Milton and Ecology

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Cambridge University Press, Nov 20, 2003 - Literary Criticism - 165 pages
In Milton and Ecology, Ken Hiltner engages with literary, theoretical, and historic approaches to explore the ideological underpinnings of our current environmental crisis. Focusing on Milton's rejection of dualistic theology, metaphysical philosophy, and early-modern subjectivism, Hiltner argues that Milton anticipates certain essential modern ecological arguments. Even more remarkable is that Milton was able to integrate these arguments with biblical sources so seamlessly that his interpretative 'Green' reading of scripture has for over three centuries been entirely plausible. This study considers how Milton, from the earliest edition of the Poems, not only sought to tell the story of how through humanity's folly Paradise on earth was lost, but also sought to tell how it might be regained. This intriguing study will be of interest to eco-critics and Milton specialists alike.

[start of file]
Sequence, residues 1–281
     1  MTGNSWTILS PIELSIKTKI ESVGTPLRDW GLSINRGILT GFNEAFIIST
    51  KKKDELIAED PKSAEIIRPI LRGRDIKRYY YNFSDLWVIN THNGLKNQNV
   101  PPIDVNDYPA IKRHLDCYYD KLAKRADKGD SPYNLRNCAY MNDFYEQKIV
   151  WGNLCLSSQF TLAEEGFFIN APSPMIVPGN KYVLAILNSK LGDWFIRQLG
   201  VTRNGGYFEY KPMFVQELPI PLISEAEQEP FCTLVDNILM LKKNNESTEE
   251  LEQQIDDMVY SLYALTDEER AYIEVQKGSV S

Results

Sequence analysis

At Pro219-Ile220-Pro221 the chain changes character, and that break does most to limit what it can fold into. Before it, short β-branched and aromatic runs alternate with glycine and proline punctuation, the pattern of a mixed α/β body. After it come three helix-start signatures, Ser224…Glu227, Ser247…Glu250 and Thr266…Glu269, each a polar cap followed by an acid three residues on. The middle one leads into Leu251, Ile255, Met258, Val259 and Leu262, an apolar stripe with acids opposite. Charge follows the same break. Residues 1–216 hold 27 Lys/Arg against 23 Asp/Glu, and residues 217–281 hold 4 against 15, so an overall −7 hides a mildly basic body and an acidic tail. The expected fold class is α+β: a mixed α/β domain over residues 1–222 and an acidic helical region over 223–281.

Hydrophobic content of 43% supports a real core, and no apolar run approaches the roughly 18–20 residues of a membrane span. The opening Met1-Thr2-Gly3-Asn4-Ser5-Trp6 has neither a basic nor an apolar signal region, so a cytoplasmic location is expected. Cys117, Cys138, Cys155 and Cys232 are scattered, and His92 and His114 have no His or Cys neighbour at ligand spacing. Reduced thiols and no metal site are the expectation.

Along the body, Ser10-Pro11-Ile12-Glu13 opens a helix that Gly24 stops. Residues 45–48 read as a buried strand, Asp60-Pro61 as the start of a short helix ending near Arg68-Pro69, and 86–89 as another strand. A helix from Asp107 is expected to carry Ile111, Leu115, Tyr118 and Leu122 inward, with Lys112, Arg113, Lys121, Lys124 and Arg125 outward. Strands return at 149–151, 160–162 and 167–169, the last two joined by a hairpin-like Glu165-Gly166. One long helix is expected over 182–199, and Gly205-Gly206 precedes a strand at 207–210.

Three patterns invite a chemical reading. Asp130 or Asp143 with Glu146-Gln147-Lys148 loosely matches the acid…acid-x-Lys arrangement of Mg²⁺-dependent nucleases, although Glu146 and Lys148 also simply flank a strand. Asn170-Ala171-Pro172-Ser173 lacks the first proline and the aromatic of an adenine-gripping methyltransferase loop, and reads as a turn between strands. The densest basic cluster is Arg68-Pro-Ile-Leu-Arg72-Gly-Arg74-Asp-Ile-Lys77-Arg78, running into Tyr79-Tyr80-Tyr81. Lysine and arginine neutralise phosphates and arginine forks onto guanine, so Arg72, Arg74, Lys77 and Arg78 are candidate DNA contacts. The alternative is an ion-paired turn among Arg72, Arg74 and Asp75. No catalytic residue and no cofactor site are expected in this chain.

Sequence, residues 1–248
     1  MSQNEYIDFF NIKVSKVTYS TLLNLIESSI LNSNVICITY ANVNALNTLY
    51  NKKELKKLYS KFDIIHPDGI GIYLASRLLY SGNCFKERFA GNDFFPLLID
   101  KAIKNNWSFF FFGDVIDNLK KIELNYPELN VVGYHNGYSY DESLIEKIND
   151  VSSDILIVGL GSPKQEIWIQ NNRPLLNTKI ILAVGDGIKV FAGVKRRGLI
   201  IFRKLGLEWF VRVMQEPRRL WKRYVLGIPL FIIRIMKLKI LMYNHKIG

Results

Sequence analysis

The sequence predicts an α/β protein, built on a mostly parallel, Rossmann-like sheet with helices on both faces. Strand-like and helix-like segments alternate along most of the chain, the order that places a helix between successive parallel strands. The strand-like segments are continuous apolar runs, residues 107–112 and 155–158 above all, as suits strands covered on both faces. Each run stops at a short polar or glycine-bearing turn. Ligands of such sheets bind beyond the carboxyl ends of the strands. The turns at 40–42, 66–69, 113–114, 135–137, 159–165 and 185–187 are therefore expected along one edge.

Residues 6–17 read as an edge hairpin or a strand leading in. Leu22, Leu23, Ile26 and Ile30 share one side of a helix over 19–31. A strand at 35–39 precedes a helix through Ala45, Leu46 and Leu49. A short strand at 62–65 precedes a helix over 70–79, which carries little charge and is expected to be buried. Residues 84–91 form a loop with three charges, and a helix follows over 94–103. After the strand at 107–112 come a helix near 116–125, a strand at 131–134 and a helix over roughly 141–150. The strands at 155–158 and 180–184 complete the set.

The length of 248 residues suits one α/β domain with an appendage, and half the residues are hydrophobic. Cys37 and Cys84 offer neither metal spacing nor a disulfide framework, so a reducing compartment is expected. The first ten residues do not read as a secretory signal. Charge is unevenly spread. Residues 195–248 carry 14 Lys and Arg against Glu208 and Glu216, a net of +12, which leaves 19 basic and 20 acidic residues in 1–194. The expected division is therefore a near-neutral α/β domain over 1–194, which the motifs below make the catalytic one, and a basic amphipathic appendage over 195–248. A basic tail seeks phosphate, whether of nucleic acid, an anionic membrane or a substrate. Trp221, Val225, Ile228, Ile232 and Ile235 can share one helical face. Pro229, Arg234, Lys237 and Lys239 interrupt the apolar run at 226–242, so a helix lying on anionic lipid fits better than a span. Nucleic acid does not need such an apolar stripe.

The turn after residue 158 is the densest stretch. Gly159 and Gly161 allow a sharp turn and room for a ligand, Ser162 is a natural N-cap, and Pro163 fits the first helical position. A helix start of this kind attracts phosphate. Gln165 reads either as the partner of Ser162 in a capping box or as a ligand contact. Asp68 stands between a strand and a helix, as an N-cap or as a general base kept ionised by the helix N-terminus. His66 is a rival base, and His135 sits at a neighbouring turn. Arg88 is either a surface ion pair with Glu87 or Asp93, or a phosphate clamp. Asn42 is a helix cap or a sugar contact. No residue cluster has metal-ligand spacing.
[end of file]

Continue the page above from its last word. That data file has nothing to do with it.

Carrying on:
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Contents

the ecological importance of place II
11
Eve as the gardens spirit of place
30
Eves Fall as an uprooting
43
Sabrina puts down roots
55
Pauls and Luthers
75
confusing
86
Jobs wisdom
102
forbidding unripe fruit
113
the EarthHuman wound
125
Notes
135
Select bibliography
156
Index
163
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